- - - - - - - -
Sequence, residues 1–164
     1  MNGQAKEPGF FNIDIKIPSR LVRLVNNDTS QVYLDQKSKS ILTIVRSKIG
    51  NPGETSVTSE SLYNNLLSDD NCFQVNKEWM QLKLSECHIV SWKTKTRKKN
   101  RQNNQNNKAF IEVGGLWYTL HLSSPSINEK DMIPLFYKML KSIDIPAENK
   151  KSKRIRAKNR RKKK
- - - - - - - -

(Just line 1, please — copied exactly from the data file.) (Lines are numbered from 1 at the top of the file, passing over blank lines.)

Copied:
Sequence, residues 1–164